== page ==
Stellar Guest Guide #2: Jewish Weddings

May 22, 2013    |    By +
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Wedding-Thumbnail_jewish_finalSometimes we get invited to an event and have no idea what to expect or what is expected of us. We’ve all been there; confused, bumbling and ultimately embarrassed. But, it doesn’t have to be that way! I’m doing a whole series on weddings so that no matter what kind of wedding you get invited to, you’ll show up like a pro. This go-round, I’m focusing on Jewish weddings. What’s going to happen? What are you supposed to wear? Will anything weird go on that I have to participate in? Read on and get rid of your wedding attendee jitters.

There are three major denominations in Judaism: Orthodox, Conservative, and Reform, and numerous small denominations, as well, but lucky for you, most Jewish wedding traditions are consistent among the denominations.

The Gifts:

Money - One gift that’s common at a Jewish wedding is money, but not just any money, money in multiples of the number eighteen, which is the numerical equivalent to the Hebrew word chai, pronounced “hai” with the “h” as a sort of gurgle in the back of your throat. Chai means “life” in English.

Depending on your relationship to the couple at hand you might want to give $144, which is eight times chai, or eleven times chai, which is $198, or any other variation you feel comfortable with.

Registry – If you aren’t Jewish, don’t feel obligated to buy something Jewish. That can be as awkward as wearing a kilt to a Scottish wedding if you’re not Scottish. Instead, look up the happy couple’s registry using our wedding registry finder. Or, if you can’t find a registry, you can reach out to other attendees or family of the bride or groom to find out where they are registered. Registries are always a safe bet. So, when in doubt, buy off of the registry!

The Rules:

Dress Appropriately – When attending a Jewish wedding, make sure to dress with an appropriate sense of modesty, which of course doesn’t mean to put on your best turtleneck and floor-length skirt, but try to avoid dresses that are too low-cut, overly revealing, or very short. It’s distracting.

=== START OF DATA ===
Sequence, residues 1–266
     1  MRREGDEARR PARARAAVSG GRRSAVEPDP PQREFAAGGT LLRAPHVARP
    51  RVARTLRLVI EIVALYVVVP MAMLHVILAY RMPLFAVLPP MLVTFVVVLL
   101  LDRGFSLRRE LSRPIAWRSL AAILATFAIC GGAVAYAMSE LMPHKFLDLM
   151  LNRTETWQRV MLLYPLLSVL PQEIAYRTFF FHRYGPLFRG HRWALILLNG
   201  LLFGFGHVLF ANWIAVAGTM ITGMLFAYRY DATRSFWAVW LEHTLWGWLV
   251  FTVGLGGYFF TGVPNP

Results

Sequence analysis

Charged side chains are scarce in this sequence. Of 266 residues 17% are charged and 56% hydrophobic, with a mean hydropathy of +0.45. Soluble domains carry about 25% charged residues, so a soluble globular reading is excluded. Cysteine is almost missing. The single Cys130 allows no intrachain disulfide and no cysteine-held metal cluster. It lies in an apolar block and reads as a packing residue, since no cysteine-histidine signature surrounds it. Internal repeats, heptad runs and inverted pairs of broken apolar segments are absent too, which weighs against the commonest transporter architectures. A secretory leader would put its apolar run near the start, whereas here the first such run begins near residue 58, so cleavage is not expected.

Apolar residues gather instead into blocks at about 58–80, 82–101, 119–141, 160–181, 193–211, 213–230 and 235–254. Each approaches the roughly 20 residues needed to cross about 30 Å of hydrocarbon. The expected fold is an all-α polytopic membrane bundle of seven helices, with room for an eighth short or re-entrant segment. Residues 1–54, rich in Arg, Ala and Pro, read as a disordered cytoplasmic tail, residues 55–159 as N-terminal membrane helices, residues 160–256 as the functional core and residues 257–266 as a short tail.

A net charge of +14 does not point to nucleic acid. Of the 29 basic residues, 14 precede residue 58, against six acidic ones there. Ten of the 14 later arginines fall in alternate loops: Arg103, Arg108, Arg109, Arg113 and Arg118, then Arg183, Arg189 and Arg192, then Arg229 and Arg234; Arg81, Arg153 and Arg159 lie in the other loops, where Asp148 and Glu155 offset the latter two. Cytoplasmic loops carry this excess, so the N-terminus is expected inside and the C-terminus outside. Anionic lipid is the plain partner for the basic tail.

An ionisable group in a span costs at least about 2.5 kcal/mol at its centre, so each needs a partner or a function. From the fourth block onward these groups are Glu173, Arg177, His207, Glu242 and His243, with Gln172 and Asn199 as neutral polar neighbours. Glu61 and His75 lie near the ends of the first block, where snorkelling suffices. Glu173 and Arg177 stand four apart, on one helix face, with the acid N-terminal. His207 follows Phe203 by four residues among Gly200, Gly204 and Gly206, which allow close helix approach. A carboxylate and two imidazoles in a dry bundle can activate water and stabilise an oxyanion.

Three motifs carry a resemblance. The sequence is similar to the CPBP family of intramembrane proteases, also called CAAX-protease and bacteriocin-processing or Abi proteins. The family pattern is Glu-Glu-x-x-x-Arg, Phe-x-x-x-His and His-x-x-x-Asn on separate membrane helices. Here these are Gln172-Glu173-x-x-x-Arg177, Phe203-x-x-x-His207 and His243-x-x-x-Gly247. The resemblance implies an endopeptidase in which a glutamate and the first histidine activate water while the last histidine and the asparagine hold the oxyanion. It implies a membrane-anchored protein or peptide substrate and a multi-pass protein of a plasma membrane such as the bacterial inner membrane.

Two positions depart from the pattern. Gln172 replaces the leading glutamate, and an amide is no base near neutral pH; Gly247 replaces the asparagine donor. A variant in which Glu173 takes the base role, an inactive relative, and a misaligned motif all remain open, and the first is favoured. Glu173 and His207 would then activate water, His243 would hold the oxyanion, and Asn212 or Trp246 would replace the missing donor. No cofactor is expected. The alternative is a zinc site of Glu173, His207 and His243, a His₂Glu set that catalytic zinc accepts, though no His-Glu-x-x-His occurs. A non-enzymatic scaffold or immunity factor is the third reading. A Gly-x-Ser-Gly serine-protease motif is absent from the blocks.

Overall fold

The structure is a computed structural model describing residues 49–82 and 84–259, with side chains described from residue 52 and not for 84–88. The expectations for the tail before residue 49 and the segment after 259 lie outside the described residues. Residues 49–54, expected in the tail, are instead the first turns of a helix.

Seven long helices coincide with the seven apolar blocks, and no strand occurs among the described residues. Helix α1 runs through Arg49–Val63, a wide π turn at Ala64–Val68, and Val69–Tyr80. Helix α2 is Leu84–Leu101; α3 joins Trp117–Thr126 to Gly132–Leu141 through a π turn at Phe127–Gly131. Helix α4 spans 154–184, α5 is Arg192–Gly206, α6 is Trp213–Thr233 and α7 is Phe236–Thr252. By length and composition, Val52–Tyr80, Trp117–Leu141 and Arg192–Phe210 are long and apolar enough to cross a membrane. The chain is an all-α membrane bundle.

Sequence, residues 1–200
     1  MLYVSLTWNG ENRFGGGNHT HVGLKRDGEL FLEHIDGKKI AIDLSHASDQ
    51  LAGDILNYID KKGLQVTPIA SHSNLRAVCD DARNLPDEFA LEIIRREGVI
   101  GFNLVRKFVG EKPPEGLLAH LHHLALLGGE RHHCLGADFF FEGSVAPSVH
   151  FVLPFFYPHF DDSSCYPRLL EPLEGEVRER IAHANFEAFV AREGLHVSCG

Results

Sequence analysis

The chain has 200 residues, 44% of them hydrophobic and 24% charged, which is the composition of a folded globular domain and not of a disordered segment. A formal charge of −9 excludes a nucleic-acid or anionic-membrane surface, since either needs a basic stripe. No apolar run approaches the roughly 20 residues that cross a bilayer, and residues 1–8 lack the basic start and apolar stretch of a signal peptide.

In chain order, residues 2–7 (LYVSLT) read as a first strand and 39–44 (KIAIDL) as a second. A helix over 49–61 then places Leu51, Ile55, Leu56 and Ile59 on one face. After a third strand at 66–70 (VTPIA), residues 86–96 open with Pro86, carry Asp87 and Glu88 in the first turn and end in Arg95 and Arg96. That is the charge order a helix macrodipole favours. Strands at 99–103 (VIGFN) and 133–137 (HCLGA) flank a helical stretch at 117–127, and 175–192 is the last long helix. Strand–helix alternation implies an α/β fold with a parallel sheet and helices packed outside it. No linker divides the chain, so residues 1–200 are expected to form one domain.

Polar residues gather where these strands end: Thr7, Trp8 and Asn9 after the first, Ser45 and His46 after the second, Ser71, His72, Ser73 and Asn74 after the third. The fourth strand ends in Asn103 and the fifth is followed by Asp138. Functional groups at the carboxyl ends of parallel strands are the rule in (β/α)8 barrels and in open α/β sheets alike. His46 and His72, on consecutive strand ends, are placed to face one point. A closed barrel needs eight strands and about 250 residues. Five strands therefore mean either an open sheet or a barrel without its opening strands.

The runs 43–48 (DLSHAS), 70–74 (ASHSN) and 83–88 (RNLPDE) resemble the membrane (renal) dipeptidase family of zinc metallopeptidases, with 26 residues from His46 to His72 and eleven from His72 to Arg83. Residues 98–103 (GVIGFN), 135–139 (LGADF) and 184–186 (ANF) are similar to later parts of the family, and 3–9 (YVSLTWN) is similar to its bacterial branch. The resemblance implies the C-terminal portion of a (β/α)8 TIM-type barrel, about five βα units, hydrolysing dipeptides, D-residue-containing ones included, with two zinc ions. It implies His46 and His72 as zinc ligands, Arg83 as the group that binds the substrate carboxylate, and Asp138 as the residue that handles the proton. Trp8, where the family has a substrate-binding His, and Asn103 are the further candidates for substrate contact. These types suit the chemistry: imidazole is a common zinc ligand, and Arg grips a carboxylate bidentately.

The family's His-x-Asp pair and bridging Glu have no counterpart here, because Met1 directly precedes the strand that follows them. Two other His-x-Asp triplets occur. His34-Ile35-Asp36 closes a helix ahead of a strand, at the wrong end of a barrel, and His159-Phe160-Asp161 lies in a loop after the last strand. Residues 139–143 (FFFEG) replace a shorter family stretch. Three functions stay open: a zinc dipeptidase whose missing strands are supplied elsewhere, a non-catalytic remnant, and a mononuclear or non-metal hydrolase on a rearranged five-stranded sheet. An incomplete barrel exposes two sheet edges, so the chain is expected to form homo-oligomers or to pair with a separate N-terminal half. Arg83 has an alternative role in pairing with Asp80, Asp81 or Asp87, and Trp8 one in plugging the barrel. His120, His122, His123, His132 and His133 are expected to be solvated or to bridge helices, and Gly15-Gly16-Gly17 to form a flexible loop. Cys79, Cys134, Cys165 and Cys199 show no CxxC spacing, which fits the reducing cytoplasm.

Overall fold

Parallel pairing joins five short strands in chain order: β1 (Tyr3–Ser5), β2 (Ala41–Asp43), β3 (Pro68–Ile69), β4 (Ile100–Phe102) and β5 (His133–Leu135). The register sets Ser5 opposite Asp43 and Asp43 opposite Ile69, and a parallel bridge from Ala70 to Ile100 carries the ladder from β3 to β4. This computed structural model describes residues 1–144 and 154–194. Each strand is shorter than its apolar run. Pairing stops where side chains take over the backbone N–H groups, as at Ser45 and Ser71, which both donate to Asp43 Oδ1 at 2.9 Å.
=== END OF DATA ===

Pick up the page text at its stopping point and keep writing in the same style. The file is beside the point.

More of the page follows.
Don’t Dance (sort of) - If the wedding you’re going to is Orthodox (a stricter sect), don’t expect to have a romantic dance with your husband. At Orthodox weddings, kind of like at a junior high dance, dancing is separated—men on one side and women on the other. At most non-Orthodox weddings, however, dancing is pretty much dancing as we know it in Western culture.

Hamotzi! – Another Jewish tradition to be made aware of is the hamotzi, which is the blessing of the challah (braided egg bread similar to brioche), and more importantly for you, the signal of when you can eat. Once this delicious bread has been blessed, usually by a grandfather or an uncle, everyone can eat, but usually not before that.

Dinner Don’ts – Speaking of food, the Jewish religion forbids milk and meat to be served together, and doesn’t permit shellfish either. So, don’t expect to be served milk in your coffee when it’s time for dessert. It will most likely be soy or pareve and save that hankering for oysters for the following night!


 Have a question about a specific type of wedding? Comment here and we’ll do a future post on the topic just for you!

Stay tuned for more wedding guest etiquette.

And, if you want to go rogue and buy a wedding gift without consulting their registry or their traditions…see all of our favorite wedding gifts !

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Meet the Gurus

Kathryn D.W.
Kathryn Drury Wagner is the senior manager of content at She was formerly the executive editor at Honolulu Magazine, and is the author of The Ultimate Guide to Shopping on Oahu. Her career has included staff positions at Country Living Gardener and Power & Motoryacht. Her latest book is "Hawaii's Strangest, Ickiest, Wildest Book Ever!"

Gwen P.
Gwen is the Editorial Curator at In addition to writing blogs, she creates gift guides, curates the site, and produces content for our social media channels. As a freelance writer, she created blogs on fashion, art, travel, health and lifestyle. A talented jewelry designer, she's also a yogi and a hospital volunteer with her therapy dog, Lilo, a Pomeranian.